From Phil Kessel getting his first (and second) goal of the season to an absolute beatdown of a division rival, the Maple Leafs played hard during their final three games of the week for 60 minutes a night.
After losing 4-1 to the Hurricanes, they bounced back for a gutsy 3-2 win over the Jets in Winnipeg. After the Leafs found themselves down by a goal—which was scored short handed in the second period by Zach Redmond—Tyler Bozak got them back to even with a shorty of his own. The Leafs once again found themselves trailing in the third, but Matt Frattin's deflection and Kessel's sniper lifted the Leafs to victory.
For those keeping track, yes that is "Phil the Thrill's" first goal of the year; however, that was his sixth point (now leads the team with 10 after getting two goals and four assists this week).
I really hope the "trade Phil Kessel talk" dies down now and everyone relaxes a little. Before that goal he had five points in eight games.
Would people really be happier if he had five goals and no assist? What about two goals and three assists? Regardless, Kessel is continuously developing his two-way game very effectively and now has some goals to to make all the part-time Leafs fans happy as well.
Continuing the week, after beating the Capitals for their only home win thus far, the Maple Leafs had to go up against Alexander Ovechkin and last-place Washington the very next night. I (and I assume many Leafs fans) thought this was the perfect recipe for the Leafs to start to fall apart. It always seems as if they can't beat up on the lower-placed teams when they really need to.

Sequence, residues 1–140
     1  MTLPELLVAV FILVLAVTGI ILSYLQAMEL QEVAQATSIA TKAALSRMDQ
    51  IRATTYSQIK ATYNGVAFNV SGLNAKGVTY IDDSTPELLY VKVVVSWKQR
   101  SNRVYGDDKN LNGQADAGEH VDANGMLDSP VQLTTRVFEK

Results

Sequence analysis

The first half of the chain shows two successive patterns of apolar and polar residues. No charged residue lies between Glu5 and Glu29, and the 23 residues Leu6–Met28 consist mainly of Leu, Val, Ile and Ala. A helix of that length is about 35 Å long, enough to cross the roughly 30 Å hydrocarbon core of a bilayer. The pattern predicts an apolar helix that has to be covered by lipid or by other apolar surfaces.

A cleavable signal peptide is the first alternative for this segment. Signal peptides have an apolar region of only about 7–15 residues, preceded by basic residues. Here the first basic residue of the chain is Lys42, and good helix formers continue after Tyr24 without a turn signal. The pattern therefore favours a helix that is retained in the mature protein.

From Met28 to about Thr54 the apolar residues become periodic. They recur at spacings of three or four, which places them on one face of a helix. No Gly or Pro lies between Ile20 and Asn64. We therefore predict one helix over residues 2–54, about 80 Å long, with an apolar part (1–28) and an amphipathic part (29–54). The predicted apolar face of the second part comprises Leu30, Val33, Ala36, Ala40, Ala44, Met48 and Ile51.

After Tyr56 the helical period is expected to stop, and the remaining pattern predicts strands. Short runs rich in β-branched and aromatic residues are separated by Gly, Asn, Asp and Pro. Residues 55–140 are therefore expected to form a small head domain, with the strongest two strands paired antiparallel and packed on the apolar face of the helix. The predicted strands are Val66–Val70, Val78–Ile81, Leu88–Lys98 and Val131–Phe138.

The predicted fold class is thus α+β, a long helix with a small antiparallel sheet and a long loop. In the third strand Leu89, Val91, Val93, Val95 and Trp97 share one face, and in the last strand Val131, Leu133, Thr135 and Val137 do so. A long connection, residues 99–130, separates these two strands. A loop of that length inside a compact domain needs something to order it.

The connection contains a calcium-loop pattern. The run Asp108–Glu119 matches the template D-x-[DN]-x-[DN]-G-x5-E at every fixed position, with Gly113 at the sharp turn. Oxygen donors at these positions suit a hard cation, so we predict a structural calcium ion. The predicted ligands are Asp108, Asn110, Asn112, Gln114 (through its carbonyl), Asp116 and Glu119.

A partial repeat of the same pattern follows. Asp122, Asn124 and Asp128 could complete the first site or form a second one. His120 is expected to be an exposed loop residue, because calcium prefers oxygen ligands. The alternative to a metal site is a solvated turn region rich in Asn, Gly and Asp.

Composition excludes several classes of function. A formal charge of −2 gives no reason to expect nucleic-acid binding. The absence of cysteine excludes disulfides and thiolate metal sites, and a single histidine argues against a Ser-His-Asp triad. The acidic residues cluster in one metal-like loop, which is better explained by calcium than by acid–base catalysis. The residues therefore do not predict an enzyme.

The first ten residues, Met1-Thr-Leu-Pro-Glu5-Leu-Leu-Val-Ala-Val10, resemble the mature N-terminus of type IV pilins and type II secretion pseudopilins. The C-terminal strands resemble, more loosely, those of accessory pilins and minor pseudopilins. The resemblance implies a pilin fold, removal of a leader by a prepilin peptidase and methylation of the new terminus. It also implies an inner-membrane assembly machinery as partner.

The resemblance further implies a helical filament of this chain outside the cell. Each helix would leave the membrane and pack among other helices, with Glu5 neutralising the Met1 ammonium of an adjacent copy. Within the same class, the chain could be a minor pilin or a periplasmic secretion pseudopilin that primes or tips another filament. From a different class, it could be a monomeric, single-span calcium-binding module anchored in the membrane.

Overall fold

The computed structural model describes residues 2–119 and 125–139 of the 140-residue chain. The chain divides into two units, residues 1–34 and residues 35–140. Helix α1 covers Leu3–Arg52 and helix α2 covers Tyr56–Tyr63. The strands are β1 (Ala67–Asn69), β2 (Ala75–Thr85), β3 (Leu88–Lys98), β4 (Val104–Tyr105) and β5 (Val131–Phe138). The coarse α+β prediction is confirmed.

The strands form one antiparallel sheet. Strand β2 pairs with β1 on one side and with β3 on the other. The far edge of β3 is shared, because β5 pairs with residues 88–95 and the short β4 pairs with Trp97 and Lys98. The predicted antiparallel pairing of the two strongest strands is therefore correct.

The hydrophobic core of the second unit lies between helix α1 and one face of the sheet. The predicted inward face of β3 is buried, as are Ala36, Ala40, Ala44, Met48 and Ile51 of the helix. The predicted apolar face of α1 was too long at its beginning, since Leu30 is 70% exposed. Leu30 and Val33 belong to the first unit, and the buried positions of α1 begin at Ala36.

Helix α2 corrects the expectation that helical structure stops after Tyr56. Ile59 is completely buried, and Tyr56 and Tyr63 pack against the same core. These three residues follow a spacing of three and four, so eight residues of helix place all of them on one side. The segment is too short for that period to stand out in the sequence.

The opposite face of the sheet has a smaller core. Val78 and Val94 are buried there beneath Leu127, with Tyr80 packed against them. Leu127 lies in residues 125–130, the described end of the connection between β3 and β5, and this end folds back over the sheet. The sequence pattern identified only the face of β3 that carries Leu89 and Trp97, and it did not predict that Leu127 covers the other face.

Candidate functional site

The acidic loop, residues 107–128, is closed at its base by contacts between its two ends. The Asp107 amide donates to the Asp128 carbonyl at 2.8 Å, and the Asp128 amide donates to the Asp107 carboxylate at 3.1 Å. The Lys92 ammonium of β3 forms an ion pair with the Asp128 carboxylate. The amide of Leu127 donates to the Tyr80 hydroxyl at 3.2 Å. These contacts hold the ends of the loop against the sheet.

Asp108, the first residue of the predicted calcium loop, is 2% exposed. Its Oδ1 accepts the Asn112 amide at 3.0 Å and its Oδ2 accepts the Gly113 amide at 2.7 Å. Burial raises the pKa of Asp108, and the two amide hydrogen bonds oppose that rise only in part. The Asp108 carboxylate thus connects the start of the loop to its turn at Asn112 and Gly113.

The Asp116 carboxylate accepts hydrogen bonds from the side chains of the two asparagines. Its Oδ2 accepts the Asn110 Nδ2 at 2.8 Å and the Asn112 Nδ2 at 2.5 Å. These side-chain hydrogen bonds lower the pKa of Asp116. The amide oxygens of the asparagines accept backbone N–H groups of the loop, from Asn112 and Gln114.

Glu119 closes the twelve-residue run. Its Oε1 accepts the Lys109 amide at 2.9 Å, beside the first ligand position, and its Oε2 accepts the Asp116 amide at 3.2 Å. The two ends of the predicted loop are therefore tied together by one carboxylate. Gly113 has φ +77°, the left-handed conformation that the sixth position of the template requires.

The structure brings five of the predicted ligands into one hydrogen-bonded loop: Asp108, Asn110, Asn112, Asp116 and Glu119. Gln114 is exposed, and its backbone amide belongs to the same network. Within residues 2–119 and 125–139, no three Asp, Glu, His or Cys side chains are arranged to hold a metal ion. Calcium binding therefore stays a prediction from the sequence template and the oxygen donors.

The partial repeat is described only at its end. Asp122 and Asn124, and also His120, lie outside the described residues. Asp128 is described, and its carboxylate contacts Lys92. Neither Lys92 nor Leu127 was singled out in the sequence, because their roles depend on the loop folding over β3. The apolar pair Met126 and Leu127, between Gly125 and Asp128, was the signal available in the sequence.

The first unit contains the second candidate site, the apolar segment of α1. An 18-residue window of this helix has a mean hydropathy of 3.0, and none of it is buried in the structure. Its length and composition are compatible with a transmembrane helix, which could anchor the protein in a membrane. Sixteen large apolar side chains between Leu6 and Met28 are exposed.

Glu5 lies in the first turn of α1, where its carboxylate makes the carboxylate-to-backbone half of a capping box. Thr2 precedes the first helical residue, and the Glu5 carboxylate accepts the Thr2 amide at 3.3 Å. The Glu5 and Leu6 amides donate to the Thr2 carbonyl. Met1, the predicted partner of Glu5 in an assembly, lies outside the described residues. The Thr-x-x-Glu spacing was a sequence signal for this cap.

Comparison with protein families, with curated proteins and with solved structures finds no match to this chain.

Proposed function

But this time it was different, and after grabbing 3-1 lead after two periods, the Leafs held off a late surge and defeated the Caps 3-2. Newcomer James van Riemsdyk potted two in the first period just over two minutes apart, and Ben Scrivens did his part in net, stopping 24 shots for his second win of the year.
Then came Saturday night.
Division rivals, Canadian rivals and original-six rivals—no matter how you tee it up, it all means that neither the Maple Leafs nor the Montreal Canadiens think fondly of each other. Boy, was that clear at the Bell Centre. The game I believed to be the Leafs' toughest of the week seemed like a breeze throughout much of the night. Two goals in both the first and second period gave the buds a comfortable lead.
Then came the rough stuff.
There were 18 penalties in total in the final frame including five misconducts. Now for a second let's forget about all the rough stuff and put aside the question of who bit who, the Maple Leafs looked absolutely dominant against the streaking Canadiens.
They got a goal just 59 seconds into the game and never let off the pedal. They scored two power-play goals as well and killed eight penalties. All this after coming at the end of a week with three games prior. All this after already beating the Habs opening night in Montreal. All this after the Habs get their boy P.K. Subban back on the team and look to ready to climb the standings.
Surely, the Maple Leafs wouldn't be able to win three games in a row, on the road no less. Surely, Toronto can't beat Montreal twice at the Bell Centre in one month. But these Leafs are starting to look a little different than the ones that donned the blue-and-white jersey in seasons past.
These Leafs are actually starting to look good.
But I don't want to get too far ahead of myself, because, as always, there are things that need to be worked on, such as...